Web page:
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Split Injection Strategies for a High-pressure Hydrogen Direct Injection in a Small-bore Dual-fuel Diesel Engine


Hydrogen-diesel dual direct-injection (H2DDI) engines present a promising pathway towards cleaner and more efficient transportation. In this study, hydrogen split injection strategies were explored in an automotive-size single-cylinder compression ignition (CI) engine, with a focus on varying the injection timings and energy fractions. The engine was operated at an intermediate load with fixed combustion phasing through adjustments of pilot diesel injection timing. An energy substitution principle guided the variation in energy fraction between the two hydrogen injections and then diesel injection while keeping the total energy input constant. The findings demonstrate that early first hydrogen injection timings lead to characteristics indicative of premixed combustion, reflecting a high homogeneity of the hydrogen-air mixture. In contrast, hydrogen stratification levels were predominantly influenced by later second injection timings, with mixing-controlled combustion behaviour apparent for very late injections near top dead centre or when the second hydrogen injection held high energy fractions, which led to decreased nitrogen oxides (NOx: NO and NO2) emissions. The carbon dioxide (CO2) emissions did not show high sensitivity to the hydrogen split injection strategies, exhibiting about 77 % reduction compared to the diesel baseline due primarily to increased hydrogen energy fraction of up to 90 %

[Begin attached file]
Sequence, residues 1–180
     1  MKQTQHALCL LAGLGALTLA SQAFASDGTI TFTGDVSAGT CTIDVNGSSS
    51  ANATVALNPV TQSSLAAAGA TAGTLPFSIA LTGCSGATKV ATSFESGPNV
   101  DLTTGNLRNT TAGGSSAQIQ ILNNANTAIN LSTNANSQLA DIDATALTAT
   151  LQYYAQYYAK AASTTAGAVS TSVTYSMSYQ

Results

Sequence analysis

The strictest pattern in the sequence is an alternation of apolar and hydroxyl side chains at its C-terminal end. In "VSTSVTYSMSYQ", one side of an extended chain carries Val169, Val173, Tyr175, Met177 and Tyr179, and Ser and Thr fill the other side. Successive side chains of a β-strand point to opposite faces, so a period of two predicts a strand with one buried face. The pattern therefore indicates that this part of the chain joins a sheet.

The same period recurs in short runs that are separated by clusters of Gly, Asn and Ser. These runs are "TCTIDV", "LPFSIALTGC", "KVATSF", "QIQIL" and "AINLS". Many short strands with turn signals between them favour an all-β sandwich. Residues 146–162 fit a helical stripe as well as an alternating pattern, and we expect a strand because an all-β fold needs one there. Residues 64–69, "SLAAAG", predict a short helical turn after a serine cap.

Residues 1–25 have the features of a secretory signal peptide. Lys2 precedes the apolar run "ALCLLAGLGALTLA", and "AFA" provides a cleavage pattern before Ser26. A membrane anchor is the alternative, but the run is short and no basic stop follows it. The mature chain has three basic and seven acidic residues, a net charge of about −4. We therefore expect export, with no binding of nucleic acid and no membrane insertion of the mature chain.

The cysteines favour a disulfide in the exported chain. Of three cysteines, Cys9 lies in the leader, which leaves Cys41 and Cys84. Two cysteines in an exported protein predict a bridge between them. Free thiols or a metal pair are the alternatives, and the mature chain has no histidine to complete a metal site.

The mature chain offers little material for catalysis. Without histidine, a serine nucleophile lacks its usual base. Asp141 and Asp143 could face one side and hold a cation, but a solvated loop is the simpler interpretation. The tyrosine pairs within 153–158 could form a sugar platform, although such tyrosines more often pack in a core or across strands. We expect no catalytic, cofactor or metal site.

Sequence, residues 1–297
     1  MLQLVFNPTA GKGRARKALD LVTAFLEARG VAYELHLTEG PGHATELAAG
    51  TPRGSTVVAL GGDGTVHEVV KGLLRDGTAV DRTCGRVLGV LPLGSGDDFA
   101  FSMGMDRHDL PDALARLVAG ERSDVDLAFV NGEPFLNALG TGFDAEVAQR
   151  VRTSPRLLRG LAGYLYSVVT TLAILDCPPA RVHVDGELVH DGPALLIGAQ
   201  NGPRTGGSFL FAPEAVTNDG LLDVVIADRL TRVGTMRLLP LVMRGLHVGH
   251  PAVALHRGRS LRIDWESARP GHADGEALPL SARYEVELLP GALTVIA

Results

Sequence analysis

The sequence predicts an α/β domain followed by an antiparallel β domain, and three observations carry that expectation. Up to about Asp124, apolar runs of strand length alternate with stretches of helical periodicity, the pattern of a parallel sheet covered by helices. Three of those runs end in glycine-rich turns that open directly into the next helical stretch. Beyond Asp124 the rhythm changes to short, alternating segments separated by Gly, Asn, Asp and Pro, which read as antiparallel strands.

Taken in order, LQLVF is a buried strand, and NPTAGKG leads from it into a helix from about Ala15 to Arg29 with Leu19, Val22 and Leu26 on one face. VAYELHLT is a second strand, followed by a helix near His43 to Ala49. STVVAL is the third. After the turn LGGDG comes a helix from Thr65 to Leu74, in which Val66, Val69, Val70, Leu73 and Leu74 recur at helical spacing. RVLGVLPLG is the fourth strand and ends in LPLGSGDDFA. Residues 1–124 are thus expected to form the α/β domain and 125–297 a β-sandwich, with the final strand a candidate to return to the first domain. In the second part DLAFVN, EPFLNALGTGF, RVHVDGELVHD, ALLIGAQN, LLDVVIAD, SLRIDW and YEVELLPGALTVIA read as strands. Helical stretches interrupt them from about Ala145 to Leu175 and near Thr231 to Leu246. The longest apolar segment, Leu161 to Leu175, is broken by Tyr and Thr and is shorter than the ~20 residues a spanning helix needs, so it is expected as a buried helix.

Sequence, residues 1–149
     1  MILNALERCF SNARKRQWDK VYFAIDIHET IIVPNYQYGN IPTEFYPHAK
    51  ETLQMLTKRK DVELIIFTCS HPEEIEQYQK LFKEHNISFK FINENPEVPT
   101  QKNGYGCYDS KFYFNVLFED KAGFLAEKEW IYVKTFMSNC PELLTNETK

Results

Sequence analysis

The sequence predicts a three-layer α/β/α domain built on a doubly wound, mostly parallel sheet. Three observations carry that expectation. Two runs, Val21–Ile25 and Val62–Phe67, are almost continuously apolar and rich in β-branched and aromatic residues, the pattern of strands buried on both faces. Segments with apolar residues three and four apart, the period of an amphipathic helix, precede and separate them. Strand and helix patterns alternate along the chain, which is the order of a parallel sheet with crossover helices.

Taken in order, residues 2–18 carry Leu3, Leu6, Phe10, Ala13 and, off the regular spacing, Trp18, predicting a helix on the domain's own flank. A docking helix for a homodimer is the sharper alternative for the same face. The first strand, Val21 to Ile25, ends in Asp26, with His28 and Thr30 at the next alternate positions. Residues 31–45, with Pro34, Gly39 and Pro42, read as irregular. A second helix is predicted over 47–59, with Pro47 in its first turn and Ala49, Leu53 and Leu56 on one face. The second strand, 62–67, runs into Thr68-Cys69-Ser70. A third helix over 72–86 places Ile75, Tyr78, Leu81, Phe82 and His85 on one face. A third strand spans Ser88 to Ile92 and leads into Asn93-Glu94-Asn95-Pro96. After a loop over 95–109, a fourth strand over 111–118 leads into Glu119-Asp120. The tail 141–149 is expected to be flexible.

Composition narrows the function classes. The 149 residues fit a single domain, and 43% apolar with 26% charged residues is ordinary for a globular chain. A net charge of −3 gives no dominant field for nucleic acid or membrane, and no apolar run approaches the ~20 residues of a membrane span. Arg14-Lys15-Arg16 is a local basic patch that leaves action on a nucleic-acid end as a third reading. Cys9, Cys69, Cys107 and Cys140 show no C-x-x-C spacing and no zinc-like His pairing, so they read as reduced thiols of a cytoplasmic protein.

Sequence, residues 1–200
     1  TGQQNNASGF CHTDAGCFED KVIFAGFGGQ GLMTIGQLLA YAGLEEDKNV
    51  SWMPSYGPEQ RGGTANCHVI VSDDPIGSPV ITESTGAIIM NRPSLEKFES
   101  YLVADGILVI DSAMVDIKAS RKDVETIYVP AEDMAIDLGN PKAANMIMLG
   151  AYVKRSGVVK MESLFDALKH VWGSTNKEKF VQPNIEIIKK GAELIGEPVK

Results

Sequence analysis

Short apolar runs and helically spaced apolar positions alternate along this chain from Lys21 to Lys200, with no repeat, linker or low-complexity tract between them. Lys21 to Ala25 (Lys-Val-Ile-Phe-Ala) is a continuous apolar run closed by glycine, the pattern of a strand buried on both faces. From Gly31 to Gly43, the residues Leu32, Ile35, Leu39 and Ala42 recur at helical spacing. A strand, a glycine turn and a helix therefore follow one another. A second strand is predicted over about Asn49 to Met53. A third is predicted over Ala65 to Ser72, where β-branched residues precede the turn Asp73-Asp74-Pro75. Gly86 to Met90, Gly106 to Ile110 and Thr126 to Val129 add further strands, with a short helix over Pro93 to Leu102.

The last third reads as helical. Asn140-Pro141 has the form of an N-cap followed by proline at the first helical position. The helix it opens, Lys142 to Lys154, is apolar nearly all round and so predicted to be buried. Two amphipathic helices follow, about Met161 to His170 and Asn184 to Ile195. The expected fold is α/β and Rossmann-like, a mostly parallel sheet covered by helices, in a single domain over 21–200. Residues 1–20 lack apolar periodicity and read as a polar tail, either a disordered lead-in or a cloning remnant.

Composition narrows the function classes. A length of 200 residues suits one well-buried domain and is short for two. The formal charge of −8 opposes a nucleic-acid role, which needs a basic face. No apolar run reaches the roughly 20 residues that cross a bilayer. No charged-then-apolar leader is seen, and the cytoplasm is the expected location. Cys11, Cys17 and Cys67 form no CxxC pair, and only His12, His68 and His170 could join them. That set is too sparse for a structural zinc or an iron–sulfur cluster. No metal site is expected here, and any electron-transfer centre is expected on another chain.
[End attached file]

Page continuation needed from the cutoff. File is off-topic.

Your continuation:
Related subjects: Applications & Pathways
Countries: Australia

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